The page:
Pastor Bob’s Picnic
by Lee Reilly Read author interview October 16, 2017
The beach pastor parked his twelve-year-old Chrysler on the street, windows and doors open, so that the squirrels had free run of the picnic items and Bibles inside. Sometimes a squirrel left the car dragging a whole package of hotdogs. Sometimes one caught the attention of a passing dog. Hence the car was a wreck, and Pastor Bob developed a dislike for dogs.
Lately, he’d developed a dislike for pastoring, too. He was sure the people were coming for the food, which was packed by his wife, Melba, in huge containers, coleslaw in gallons, potato chips in bags the size of pillow cases. Secretly, Melba agreed. But they never discussed the situation, each believing that the other needed to believe in Pastor Bob’s mission. In truth, Melba reveled in the praise for her salads, mandarin orange and marshmallow, boiled egg and pickles; she watched the service from afar, counting forks.
Reflexively, Pastor Bob surveyed his ragtag group. Some were already palming pretzels they’d grabbed from the picnic table. Forgive them all (the failed plumbers, gamblers, even the insurance salesmen) he thought, crossing the park to a spit of sand near the ocean-like lake. But he hadn’t heard from God lately and wondered if his father had been right: he would have been more use as a janitor.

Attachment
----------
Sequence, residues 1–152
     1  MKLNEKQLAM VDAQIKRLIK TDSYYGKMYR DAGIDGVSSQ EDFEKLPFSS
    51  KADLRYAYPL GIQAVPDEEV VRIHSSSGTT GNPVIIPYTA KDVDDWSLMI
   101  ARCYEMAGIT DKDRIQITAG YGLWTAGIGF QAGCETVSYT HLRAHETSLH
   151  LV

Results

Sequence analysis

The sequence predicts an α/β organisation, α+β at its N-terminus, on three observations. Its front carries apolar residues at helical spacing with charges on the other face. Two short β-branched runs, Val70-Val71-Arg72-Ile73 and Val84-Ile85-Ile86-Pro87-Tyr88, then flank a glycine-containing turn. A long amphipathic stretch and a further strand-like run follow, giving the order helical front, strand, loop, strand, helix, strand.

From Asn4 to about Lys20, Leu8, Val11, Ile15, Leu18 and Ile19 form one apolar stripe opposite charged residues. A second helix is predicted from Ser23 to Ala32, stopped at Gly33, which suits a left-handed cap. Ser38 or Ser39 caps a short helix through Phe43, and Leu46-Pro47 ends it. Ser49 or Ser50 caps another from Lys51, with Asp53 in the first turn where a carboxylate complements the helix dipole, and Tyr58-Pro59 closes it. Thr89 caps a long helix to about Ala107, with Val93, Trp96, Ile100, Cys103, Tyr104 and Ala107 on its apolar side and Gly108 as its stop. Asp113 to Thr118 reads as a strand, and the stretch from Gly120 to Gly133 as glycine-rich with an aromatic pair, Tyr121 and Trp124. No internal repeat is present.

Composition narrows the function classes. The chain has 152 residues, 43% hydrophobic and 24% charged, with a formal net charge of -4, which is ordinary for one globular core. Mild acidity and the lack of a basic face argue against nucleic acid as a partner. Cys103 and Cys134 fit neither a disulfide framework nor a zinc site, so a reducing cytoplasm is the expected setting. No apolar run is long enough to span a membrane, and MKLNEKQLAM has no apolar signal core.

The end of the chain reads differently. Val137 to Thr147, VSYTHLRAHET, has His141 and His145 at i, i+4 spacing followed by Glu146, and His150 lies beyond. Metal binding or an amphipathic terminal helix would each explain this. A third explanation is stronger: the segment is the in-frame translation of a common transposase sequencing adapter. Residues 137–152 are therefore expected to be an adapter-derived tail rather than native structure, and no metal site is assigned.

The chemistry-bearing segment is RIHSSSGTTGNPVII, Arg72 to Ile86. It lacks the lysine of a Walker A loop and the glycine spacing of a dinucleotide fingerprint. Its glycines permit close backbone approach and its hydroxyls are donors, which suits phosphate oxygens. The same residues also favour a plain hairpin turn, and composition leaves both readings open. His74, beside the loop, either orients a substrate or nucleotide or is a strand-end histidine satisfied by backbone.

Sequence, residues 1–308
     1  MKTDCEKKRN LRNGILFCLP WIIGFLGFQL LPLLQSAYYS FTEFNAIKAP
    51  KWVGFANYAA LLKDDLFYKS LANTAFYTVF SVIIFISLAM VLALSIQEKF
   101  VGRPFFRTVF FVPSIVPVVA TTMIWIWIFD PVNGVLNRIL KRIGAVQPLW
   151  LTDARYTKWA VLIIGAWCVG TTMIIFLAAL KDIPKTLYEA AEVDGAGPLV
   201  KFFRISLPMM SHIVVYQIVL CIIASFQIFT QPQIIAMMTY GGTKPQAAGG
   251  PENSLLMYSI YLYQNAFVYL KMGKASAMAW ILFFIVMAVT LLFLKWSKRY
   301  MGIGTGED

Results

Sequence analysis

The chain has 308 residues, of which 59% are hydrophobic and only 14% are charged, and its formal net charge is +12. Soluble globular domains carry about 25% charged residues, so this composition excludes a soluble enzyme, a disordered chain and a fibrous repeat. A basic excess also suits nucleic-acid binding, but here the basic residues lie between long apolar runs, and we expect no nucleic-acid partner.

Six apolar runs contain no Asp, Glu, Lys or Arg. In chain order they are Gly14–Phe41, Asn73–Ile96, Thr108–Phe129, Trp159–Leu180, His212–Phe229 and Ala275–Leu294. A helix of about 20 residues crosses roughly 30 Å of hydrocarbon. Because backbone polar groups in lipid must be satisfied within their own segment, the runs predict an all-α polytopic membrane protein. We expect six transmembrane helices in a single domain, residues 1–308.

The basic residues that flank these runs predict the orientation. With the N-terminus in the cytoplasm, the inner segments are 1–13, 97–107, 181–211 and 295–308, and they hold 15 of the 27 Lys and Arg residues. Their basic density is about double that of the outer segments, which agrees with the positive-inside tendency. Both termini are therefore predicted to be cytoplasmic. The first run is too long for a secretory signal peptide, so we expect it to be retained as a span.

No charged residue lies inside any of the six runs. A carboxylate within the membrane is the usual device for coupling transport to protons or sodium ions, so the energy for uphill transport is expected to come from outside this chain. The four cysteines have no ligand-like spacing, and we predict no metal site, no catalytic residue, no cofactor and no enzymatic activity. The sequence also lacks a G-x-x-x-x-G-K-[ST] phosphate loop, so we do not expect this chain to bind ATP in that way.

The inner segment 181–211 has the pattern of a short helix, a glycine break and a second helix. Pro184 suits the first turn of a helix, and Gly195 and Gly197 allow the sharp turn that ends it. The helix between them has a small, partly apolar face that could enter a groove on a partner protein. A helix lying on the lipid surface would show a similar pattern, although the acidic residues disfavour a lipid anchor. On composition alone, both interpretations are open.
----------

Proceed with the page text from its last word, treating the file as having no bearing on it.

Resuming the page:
Surely he deserved a sign, didn’t he? Ever since he lost his indoor congregation years ago, along with his first wife, he’d ministered to various flocks in parks and parking lots, and suffered in winter, hounded by visions of his hapless people wandering through sub-zero weather he could not stop. He hated ice and dog-stained snow, also his aluminum-sided ranch house and much of Melba’s cooking. But he trudged on. That should count for something, he told God. Persistence was something. Wasn’t it?
He was about to say “Amen,” blessing the service, when a man started shouting, running in a panicked circle, yelling at the hungry congregation, yelling at the lake. His black dog was caught in a riptide. The owner dove in after the dog. The splashing, roaring lake surged, and the dog thrashed. Waves churned in the wrong direction. The dog went under.
Where was the owner?
“There!” someone shouted, pointing to what might have been a human head bobbing. Pastor Bob ran toward the shoreline. He was just behind Jesus, one of his congregants, whose name had proved awkward for the pastor, until he opted for the man’s nickname, Chuy. But it was Tyson who plunged in first. Tyson had once been a lifeguard but fell from God during a summer in Texas, where the cocaine was cheap. He’d lost a child that summer, in a pool of jumping, screaming, squirming kids, and had only recently found solace in Pastor Bob’s ministry.
But Pastor Bob didn’t know this. His policy had always been No questions. Now he watched as Tyson struggled with the owner and the dog, with legs and paws, heads and foam. Pastor Bob shouted, “Swim the other way! Swim past the head!” But he didn’t know if Tyson knew what the head of a riptide was, so he, too, dove into the roiling Great Lake waves, and let a current rip him from shore. Pastor Bob’s clothes swelled, and his head stung, and his muscles stiffened.